Recruitment is a major component of every residency director’s position. The day-to-day life of faculty and trainees is greatly affected by the number, quality, and morale of residents in each residency. Decisions such as who to recruit and how to recruit are among the most important a residency director makes. Failing to fill all available positions or accepting a trainee who does not fit with the culture and demands of a particular program can create significant and lasting challenges for a training director and his or her program.
For applicants, recruitment frequently occurs in their early thirties, at a time when many are forming families, have or are planning to have young children, and have partners who are involved in building careers or parenting. These phase-of-life concerns make program choices challenging for applicants. Considerations such as location of residency become particularly important.
Some uncertainty is inherent in residency recruitment where residency directors and applicants are both vying to fulfill their needs. Individual control is limited, and all participants, training directors and applicants, must sacrifice some autonomy and collaborate to make solutions successful. This is especially true in situations, such as in child and adolescent psychiatry, where the number of program positions exceeds the number of applicants.
In their article in this issue of Academic Psychiatry, Ascherman and Lamps discuss problems and solutions of the Child and Adolescent Psychiatry Match. No authoritative body, like the Deans of American Medical Schools, currently mandates participation in the Match (the deans require all graduating seniors planning residency training to participate in the PG 1 year Match). The Child and Adolescent Psychiatry Match occurs independently of other Matches, and the rules of the National Residency Match Program are augmented by the collaborative rules of the Child Caucus of the American Association of Directors of Psychiatry Residency Training. The complexity of negotiating multiple guidelines can cause some training directors (especially new training directors) to be uncertain about their expected conduct during recruitment.
Several factors—the importance of a successful recruitment season, the lack of a powerful monitoring force, and the inevitable confusion about existing guidelines—combine to create the situation well described in the article by Ascherman and Lamps. They present the history of child and adolescent psychiatry residency recruitment. And they point out the difficulty of the recruitment process for both applicants and training directors prior to agreement to utilize a Match process.
The Match has clear advantages. By providing a period of time to assess programs and applicants, without the expectation that immediate decisions must be made, both training program and applicants are free to gather as much information as possible to make truly informed decisions on their rank order list. I can personally attest to an increased comfort level for applicants participating in the Match. I was a child and adolescent psychiatry residency director both prior to and after the adoption of the Match and witnessed first-hand the pressure on applicants and programs prior to the inception of the Match. As the field of child and adolescent psychiatry grows, and recruitment into the field becomes both a priority and a national necessity, I believe strongly that a viable and universally utilized Match process is essential.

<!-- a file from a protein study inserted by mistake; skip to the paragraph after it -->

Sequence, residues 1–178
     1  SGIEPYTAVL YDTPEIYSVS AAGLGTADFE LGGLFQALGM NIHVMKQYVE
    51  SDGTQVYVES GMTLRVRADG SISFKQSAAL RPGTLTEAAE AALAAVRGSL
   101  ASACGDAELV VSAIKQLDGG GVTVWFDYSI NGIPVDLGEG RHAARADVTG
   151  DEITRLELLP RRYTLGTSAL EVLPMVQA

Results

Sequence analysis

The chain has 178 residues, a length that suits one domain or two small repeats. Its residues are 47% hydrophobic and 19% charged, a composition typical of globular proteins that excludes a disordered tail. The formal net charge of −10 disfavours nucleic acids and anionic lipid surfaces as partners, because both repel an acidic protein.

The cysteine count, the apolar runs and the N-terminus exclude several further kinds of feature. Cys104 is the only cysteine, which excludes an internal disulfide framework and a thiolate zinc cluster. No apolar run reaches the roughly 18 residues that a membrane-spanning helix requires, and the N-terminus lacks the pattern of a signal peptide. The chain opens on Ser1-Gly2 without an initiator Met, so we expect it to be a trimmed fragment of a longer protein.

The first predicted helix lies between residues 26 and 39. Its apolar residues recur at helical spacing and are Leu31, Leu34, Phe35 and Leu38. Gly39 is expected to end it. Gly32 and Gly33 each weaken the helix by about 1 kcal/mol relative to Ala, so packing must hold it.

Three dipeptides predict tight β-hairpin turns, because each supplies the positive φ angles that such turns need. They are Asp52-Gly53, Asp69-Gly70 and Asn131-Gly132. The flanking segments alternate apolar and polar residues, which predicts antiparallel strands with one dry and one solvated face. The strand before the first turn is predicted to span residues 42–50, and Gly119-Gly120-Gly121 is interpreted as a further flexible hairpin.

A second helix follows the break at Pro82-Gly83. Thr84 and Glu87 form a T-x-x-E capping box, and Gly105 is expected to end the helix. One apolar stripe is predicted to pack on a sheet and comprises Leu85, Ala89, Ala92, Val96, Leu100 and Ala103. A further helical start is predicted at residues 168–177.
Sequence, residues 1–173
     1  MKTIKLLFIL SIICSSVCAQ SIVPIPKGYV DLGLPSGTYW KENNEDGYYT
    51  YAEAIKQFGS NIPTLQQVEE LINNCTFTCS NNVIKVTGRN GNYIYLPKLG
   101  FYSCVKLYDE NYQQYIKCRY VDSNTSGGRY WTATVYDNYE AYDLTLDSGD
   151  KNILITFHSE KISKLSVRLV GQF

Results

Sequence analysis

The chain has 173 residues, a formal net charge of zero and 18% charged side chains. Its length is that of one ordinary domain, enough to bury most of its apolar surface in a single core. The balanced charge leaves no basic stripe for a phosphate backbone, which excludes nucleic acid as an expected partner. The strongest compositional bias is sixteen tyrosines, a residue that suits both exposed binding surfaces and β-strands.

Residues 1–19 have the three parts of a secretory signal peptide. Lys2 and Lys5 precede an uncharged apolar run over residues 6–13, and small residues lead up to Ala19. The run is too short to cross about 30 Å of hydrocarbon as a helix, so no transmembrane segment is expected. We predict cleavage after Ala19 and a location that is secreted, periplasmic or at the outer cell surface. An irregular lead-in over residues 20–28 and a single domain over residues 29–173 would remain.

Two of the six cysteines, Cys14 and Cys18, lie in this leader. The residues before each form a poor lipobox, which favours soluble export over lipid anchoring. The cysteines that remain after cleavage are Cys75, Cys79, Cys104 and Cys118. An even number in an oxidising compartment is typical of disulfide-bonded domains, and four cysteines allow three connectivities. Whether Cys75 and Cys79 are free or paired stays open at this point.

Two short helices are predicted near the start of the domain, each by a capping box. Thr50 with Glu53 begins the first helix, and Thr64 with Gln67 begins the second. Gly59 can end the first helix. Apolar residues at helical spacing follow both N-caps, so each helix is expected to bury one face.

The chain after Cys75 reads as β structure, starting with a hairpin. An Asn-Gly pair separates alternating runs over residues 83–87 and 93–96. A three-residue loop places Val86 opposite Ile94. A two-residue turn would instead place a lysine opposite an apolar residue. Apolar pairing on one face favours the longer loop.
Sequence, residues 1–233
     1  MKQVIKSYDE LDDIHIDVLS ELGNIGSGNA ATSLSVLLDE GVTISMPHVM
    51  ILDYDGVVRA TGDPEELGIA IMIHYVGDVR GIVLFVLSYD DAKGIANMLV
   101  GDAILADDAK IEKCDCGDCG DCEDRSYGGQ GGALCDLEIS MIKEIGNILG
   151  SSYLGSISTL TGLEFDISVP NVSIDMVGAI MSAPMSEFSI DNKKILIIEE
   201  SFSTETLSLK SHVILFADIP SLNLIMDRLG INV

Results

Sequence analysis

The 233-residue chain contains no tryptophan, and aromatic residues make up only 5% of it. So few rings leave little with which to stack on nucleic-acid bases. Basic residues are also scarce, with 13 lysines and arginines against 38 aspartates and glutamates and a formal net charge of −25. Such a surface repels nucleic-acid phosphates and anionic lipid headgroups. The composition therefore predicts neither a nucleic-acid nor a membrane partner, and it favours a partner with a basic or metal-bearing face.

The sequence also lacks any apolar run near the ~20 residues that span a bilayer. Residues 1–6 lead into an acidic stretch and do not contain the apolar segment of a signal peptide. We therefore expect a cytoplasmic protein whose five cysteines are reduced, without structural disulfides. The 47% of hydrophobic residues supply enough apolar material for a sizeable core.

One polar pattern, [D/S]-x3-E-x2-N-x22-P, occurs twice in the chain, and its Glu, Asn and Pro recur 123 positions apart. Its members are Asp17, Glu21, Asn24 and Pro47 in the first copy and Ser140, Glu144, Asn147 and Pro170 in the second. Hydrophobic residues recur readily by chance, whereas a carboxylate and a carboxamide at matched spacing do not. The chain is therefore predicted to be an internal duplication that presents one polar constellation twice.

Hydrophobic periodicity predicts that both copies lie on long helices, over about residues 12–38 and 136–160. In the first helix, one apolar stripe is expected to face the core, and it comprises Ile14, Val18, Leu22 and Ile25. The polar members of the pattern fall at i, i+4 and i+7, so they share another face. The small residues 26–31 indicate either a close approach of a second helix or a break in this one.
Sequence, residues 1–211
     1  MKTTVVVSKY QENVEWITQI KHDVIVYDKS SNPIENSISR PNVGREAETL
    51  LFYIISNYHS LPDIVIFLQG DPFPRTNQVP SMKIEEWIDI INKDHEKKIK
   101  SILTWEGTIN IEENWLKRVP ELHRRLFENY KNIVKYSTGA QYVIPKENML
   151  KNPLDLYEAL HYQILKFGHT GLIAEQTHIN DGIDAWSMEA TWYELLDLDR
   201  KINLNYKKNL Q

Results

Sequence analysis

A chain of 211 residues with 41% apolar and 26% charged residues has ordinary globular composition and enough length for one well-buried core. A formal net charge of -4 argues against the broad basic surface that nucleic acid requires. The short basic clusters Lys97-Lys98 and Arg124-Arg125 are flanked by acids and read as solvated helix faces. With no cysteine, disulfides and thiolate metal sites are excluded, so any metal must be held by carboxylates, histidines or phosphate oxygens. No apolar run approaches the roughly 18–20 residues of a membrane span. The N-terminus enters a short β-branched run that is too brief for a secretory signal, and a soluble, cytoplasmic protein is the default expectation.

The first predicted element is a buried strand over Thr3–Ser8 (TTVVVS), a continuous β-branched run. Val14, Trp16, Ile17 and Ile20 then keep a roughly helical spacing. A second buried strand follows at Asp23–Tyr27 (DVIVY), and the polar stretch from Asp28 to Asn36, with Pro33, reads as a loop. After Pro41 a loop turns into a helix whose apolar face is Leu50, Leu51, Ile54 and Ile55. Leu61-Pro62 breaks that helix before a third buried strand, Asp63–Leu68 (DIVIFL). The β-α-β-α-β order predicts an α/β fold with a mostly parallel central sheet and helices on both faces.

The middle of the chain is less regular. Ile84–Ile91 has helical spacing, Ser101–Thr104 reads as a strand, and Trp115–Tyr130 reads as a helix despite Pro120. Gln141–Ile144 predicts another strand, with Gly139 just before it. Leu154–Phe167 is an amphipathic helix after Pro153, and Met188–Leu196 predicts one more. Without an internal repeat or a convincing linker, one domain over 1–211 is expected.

Ascherman and Lamps also discuss disadvantages or potential problems with the Match, citing 5 specific examples involving both training directors and applicants. They stress the need to consider mandating program participation and developing sanctions for both programs and applicants who do not adhere to both National Resident Matching Program (NRMP) and Child Caucus Match rules. They strongly suggest that the Accreditation Council for Graduate Medical Education (ACGME) Residency Review Committee (RRC) for Psychiatry mandate participation and review adherence to Match rules as an element of program accreditation review. This is certainly one possible method of building participation and adherence.
Poor Match outcome for a particular program can ultimately lead to program review, enhanced resources, and improvement in building enhanced results of future Matches. Should the recruitment initiative lead to greater numbers of applicants, the number of applicants will approach the number of positions available, and program incentives to not participate in the Match will decline.
Other actions to support the Match are possible. All organizations within Psychiatry and Psychiatric education have endorsed the Match and strongly support program and applicant participation. Directors of Divisions of Child and Adolescent Psychiatry could agree to mandate universal participation. The Child Caucus could ensure that NRMP sends Caucus rules and NRMP rules to all applicant participants so that applicant confusion is minimized. The Caucus could also develop a mechanism to learn the names of new training directors from the ACGME (which must be notified of changes in training directors) so that new training directors could be oriented to the Match and informed of all Match rules. The benefits of a Match for applicants, programs and the field could also be stressed to new training directors by experienced residency directors who participate in the Match annually.
A combination of mandates, the possibility of meaningful sanctions, joint action by Psychiatry organizations, possible ACGME involvement and continued consensus about the value of the Match will most likely be necessary to build universal participation. A viable Match requires universal participation; child and adolescent psychiatry training requires a viable Match.